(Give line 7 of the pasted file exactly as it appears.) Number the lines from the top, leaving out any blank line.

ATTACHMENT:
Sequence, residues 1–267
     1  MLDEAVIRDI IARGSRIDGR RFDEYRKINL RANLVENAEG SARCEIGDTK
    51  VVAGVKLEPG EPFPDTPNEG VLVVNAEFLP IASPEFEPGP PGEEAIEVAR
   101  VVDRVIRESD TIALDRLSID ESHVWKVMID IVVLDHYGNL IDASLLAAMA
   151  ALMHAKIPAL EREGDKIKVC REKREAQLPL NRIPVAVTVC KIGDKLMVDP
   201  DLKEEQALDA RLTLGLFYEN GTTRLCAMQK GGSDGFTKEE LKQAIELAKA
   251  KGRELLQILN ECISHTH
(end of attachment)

   251  KGRELLQILN ECISHTH